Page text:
Sugar consumption has also been linked to cancer. Glucose provides the perfect energy source for cancer cells to thrive in and there is a lot of evidence to suggest that taking sugar out of the diet can cause cancers to shrink or not recur after treatment.
Other chronic diseases linked to sugar are autoimmune conditions which are becoming much more prevalent – like rheumatoid arthritis, Hashimoto’s and sclerosis. We saw earlier that sugar inhibits the production of stomach acid which causes food to not be completely digested. This compromises the lining of the intestines, leading to “leaky gut” which allows the intestinal contents to enter the bloodstream – a place where they should never be. Once there are foreign objects in the bloodstream the body has a heightened immune response and the body can actually start attacking itself in an attempt to rid itself of the dangerous intruders.
Need to see some evidence that sugar is not good for you? ‘SugarScience’ from the University of California have now reviewed 8000 papers linking sugar and disease.
You might feel alone. Isn’t it strange that you can smoke, binge drink and/or sit in front of a TV all day and nobody seems to care about it, but when you say you are giving up sugar people tell you are crazy? It is not unusual to feel alienated and unsupported when giving up sugar addiction. It is not uncommon to have family members and friends, or restaurant staff role their eyes at you. Perhaps its because most people know they should really be doing the same thing, but because they aren’t, they want to make you feel bad for what they themselves aren’t willing to do.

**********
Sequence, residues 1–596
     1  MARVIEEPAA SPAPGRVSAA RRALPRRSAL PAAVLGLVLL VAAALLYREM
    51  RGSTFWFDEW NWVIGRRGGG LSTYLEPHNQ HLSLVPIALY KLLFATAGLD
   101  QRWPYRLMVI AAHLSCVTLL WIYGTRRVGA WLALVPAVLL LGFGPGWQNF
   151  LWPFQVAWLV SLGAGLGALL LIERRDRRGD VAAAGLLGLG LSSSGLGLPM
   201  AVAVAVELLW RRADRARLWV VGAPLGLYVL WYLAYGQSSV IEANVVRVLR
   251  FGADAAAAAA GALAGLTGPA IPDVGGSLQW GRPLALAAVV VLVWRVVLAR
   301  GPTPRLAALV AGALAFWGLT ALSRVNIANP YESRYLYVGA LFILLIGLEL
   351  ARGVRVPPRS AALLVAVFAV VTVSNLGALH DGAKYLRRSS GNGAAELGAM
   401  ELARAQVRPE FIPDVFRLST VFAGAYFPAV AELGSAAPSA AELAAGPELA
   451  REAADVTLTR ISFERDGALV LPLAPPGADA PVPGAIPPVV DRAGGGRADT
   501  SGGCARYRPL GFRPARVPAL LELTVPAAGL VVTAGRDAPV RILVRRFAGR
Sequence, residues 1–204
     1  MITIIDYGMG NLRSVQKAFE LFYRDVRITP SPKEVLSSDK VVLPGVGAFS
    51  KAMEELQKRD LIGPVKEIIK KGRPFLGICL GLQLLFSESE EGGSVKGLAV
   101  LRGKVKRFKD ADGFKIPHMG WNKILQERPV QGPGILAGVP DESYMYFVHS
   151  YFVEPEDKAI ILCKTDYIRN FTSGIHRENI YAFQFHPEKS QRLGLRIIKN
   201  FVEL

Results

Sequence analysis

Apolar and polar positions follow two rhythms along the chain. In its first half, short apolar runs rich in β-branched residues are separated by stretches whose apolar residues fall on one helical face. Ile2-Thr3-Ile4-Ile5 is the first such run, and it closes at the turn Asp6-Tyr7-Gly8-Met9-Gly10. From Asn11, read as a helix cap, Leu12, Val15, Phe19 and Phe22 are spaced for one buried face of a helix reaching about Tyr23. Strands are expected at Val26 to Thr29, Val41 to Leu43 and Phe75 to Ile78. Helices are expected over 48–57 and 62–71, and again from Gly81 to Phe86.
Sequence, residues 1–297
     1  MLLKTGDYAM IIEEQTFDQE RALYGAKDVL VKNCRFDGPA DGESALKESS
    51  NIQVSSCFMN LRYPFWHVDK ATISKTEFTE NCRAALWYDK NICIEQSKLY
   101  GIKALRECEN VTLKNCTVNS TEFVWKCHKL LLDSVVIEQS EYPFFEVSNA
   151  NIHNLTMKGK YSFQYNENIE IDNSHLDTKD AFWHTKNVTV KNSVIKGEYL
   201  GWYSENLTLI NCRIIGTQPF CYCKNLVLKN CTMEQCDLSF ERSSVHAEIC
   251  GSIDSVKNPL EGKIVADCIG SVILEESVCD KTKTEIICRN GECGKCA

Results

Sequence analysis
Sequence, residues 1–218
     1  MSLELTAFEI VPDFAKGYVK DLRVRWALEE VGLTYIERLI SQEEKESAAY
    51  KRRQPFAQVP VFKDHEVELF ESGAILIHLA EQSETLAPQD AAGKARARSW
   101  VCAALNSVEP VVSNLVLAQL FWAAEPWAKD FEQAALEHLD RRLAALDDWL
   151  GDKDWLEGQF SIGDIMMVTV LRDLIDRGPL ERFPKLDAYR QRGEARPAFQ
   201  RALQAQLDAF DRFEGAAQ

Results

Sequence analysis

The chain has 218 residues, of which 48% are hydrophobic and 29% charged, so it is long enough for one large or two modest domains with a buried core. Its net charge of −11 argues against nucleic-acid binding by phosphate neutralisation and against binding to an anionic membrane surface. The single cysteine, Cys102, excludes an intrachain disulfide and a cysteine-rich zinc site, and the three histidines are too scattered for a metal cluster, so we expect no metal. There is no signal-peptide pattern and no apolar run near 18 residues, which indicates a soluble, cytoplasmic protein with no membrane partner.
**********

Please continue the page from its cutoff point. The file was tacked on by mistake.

Giving up sugar is not something encouraged by society at all so you generally have to do it on your own. Unless you can find someone to buddy up with to support each other through the process. Or your whole family could do it together – like this family did.
Thrive Health offer flexible customised programs to help you eat less sugar. We provide coaching and ongoing support, recipes and meal plans and where to buy guides to make it as easy as possible. Or book in for a FREE Discovery Session to find out how we can help you achieve your health goals